FASB votes to delay effective dates for 3 major standards

By Ken Tysiac

Effective dates will be delayed for private companies and certain other entities for FASB’s standards on accounting for leases, credit losses (known as CECL), and hedging after a unanimous vote Wednesday by FASB.

FASB directed its staff to draft an Accounting Standards Update (ASU) that will change the effective dates and be issued following a formal written ballot by the board, which is expected to take place in November. In a separate project, FASB voted to delay the effective date of its standard for accounting for insurance companies issuing long-term insurance contracts.

Under the ASU, effective dates for the lease accounting, hedge accounting, and accounting for credit losses standards will be affected as follows:

  • SEC filers: The hedge accounting and lease accounting effective dates would remain for fiscal years beginning after Dec. 15, 2018, and the credit loss effective date would remain for fiscal years beginning after Dec. 15, 2019, except for smaller reporting companies, whose credit loss effective date would be extended to fiscal years beginning after Dec. 15, 2022.
  • All other public business entities: The hedge accounting and lease accounting effective dates would remain for fiscal years beginning after Dec. 15, 2018, while the credit loss effective date would change from fiscal years beginning after Dec. 15, 2020, to fiscal years beginning after Dec. 15, 2022. The effective date of fiscal years beginning after Dec. 15, 2018, for lease accounting would also apply to employee benefit plans that file or furnish financial statements with or to the SEC as well as not-for-profit entities that have issued or are conduit bond obligors for securities that are traded, listed, or quoted on an exchange or over-the-counter market.
  • Private companies and all others: The hedge accounting and lease accounting effective dates would be delayed one year to fiscal years beginning after Dec. 15, 2020. The credit loss effective date would be delayed two years to fiscal years beginning after Dec. 15, 2022.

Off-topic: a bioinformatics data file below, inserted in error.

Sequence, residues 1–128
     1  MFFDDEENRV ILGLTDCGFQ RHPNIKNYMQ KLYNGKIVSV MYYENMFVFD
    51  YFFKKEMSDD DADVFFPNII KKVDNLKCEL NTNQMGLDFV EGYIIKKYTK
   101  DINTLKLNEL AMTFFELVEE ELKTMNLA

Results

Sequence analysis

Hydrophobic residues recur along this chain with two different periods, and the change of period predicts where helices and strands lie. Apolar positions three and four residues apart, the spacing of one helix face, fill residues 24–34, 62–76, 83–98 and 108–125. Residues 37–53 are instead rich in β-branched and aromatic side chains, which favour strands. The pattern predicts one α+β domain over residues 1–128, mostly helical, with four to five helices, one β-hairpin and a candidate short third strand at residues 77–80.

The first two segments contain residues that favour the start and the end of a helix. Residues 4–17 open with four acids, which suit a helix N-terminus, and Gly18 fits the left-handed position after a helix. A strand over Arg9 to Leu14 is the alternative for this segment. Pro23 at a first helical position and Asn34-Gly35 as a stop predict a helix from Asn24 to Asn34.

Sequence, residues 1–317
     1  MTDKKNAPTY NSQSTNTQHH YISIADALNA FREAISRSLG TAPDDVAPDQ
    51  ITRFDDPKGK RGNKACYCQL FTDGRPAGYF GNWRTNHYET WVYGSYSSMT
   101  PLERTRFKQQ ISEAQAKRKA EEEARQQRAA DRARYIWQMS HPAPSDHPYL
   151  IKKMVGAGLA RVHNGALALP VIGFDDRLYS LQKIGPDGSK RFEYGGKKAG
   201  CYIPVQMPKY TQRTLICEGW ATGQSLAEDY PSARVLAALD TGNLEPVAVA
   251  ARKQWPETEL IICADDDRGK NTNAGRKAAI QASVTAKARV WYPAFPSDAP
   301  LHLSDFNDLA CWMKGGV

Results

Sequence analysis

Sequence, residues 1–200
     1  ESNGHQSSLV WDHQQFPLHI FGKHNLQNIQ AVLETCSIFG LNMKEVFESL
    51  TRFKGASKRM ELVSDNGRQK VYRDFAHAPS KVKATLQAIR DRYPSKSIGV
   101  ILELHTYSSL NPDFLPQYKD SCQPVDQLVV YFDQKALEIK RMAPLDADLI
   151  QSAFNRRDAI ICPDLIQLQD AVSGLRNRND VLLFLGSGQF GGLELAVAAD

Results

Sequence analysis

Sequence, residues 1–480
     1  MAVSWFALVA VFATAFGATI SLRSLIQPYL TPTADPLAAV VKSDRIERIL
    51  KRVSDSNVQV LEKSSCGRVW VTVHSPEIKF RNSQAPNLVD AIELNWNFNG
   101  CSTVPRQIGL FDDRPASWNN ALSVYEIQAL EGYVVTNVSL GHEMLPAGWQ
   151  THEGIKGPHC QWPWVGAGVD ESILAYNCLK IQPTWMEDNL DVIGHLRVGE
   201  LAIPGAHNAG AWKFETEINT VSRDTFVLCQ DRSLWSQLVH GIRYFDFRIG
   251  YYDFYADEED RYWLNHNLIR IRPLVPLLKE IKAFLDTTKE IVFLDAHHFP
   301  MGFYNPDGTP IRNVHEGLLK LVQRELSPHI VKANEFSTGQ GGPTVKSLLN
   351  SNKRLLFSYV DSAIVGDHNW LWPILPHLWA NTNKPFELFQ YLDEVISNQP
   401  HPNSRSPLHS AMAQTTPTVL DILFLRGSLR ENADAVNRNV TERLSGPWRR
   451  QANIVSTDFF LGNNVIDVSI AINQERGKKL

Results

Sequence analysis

Early-adoption options for the standards will remain unchanged.

FASB members said during a board meeting that one of the advantages of the delay is that it will allow preparers with limited resources to learn from the implementation performed by large public companies that possess more staffing and resources.

“It is quite clear that private companies have the ability to learn from what others have done,” FASB Chairman Russell Golden said. “I think it’s good that we’re going to allow smaller reporting companies to also have that advantage. I think having additional time to get through at least one annual audit cycle and regulatory cycle will help have an increased quality implementation by smaller reporting companies and private companies.”

FASB also voted to align the effective date of ASU No. 2017-04, Intangibles — Goodwill and Other (Topic 350): Simplifying the Test for Goodwill Impairment, with the amended effective dates for the credit loss standard.

The new effective date for the long-term insurance contract standard for SEC filers excluding eligible smaller reporting companies will be fiscal years beginning after Dec. 15, 2021, and interim periods within those fiscal years. For all other entities, the long-term insurance contract effective date will be fiscal years beginning after Dec. 15, 2023, and interim periods within fiscal years beginning after Dec. 15, 2024.

FASB began considering the delays in response to concerns from overwhelmed preparers. Many of those concerns were voiced in a letter the AICPA’s Technical Issues Committee sent FASB in May requesting a delay in the effective date for private companies for the lease accounting standard.

Ken Tysiac (Kenneth.Tysiac@aicpa-cima.com) is the JofA’s editorial director.

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